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120/90 vs 120/80 rear tire

Discussion in 'The Garage' started by arcticXS, Aug 30, 2019.

  1. arcticXS

    arcticXS XS650 Guru Top Contributor

    I am looking into what rear tire to get next, and wonder if 120/90 is actually a better choice than 120/80, as it raises gearing between 3 and 4 percent, or slightly more than 1 tooth less on the rear sprocket. Is there any disadvantage to a 120/90 vs 120/80 that I am unaware of? I already have longer shocks, so fender clearance is not an issue. Both Bridgestone BT45 and Avon AM26 tyres are available in 120/90, so that is no problem.
    Rasputin and Machine like this.
  2. Rasputin

    Rasputin XS650 Addict XS650.com Supporter Top Contributor

    I guess it’s a lot down to how it will look when fitted. Originally probably had a 400/18 fitted which is quite a tall tyre
    Aspect ratio would not be far away. Can’t see a problem.
  3. TwoManyXS1Bs

    TwoManyXS1Bs BBQ Hunter Top Contributor

    gggGary likes this.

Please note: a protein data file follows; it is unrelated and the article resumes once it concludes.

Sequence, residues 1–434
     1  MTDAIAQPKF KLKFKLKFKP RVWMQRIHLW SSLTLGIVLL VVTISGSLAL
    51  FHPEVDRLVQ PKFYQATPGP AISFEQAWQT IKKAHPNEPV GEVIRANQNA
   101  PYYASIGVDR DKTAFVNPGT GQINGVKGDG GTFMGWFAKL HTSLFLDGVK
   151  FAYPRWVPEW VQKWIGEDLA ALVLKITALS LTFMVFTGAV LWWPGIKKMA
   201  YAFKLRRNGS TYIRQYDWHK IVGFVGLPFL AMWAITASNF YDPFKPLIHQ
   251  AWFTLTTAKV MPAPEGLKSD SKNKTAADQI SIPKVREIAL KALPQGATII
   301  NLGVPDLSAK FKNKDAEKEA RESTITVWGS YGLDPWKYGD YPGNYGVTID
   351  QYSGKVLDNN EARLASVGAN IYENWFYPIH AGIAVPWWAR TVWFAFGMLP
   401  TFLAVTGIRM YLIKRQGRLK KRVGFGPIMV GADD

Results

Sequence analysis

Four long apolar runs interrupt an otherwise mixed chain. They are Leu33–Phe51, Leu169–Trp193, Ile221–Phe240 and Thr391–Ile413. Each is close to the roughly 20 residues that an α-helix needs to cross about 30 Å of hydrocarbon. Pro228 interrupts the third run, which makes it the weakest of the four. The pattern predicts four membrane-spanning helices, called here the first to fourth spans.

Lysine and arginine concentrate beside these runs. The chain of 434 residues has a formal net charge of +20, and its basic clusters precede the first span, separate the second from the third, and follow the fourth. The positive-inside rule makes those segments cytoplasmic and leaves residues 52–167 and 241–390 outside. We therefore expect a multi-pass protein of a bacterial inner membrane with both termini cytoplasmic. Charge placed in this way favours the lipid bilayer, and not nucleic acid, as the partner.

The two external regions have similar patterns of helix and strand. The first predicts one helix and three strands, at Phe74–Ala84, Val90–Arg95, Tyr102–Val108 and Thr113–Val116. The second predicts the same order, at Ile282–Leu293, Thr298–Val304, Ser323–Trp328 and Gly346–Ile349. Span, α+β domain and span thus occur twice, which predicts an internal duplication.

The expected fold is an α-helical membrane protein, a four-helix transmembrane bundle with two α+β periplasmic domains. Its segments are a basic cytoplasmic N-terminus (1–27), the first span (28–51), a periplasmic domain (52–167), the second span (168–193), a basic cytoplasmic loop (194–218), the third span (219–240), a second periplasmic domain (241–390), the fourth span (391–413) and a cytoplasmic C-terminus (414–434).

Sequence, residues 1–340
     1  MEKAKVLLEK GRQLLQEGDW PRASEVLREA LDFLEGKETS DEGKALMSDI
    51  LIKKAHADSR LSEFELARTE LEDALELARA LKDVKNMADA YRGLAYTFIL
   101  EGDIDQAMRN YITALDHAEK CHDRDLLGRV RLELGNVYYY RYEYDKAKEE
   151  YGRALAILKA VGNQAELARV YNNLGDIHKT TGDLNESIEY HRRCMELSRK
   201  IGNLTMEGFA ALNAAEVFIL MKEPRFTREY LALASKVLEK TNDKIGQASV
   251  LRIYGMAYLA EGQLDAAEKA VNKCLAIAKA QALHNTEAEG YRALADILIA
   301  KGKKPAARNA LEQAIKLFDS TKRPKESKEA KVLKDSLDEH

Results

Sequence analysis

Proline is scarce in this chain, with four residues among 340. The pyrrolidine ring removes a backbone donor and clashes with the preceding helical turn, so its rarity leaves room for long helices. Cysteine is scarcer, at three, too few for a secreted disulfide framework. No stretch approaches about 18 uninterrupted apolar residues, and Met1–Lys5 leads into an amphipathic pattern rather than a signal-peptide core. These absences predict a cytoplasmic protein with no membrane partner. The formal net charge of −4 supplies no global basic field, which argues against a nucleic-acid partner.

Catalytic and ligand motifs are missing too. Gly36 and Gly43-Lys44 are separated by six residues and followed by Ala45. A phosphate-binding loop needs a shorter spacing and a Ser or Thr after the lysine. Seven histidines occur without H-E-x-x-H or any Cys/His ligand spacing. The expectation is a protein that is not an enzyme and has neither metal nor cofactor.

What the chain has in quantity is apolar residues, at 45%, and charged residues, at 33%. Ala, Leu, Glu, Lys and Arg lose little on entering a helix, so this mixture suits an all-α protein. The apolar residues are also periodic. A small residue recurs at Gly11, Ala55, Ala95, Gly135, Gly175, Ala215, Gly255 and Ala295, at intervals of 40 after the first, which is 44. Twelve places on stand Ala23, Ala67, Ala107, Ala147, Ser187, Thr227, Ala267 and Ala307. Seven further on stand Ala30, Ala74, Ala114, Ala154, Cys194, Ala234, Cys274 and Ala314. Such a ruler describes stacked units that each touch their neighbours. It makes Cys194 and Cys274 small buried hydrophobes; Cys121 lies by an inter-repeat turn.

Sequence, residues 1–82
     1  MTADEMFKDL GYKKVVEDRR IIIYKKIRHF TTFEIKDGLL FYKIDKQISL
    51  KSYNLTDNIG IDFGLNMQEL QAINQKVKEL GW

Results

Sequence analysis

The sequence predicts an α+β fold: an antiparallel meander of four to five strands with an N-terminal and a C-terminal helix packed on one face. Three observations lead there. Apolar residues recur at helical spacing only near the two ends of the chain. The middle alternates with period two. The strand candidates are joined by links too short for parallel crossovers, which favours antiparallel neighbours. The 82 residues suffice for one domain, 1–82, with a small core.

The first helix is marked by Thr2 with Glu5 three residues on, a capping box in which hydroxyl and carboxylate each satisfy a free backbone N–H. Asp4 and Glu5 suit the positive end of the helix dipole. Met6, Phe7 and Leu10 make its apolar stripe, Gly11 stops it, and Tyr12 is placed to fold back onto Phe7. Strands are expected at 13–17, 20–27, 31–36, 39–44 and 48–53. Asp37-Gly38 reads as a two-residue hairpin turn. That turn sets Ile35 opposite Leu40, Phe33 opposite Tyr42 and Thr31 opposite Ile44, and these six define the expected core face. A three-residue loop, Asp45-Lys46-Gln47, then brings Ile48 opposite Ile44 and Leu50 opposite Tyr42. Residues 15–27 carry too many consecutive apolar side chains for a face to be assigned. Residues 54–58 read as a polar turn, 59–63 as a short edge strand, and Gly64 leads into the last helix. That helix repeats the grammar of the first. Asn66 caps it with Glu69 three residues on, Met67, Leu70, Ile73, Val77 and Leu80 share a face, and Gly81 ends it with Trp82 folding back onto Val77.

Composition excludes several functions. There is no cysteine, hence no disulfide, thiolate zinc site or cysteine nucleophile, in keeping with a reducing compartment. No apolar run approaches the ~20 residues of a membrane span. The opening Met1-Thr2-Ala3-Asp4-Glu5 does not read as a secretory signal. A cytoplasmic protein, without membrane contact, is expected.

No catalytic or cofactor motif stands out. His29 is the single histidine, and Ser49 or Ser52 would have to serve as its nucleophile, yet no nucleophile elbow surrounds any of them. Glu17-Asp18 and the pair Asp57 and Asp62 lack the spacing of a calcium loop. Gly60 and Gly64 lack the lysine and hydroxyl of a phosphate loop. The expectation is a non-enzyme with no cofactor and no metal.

4. gggGary

    gggGary I'm listening, change my mind XS650.com Supporter Top Contributor

    I prefer lower ratio tires ie 80 or even 70 and adjust gearing with sprockets. What works for good handling has changed more than little since 1980 "balloon" tires. I'll assume an 18" rim here and unless you have gone much wider on the rim a 120 is too wide. But not everyone rides like a lunatic (me) on the street.
    This guide might help with reasonable choices.
    Paul Sutton and MaxPete like this.
  5. arcticXS

    arcticXS XS650 Guru Top Contributor

    I am going to fit the new tire to my new rear wheel, with a 2.50x18 unflanged Morad (Akront) alloy rim, so rim width is no issue. I went for unflanged because they are much easier to keep clean....
    Last edited: Aug 31, 2019
  6. arcticXS

    arcticXS XS650 Guru Top Contributor

    Well, I just ordered an Avon AM26 Roadrider in 120/90-18. I somewhat disagree with gggGary regarding changing sprockets for gearing. I currently have a 33T rear, and get pretty severe chain rub on the swing arm already, since my shocks are 343 mm/ 13,5" long. Altering gearing by tyre selection is almost free, as you need to replace them pretty often anyway. Ivan Hoey's high primary would be the ultimate solution, but I have no budget for that now....
    gggGary likes this.

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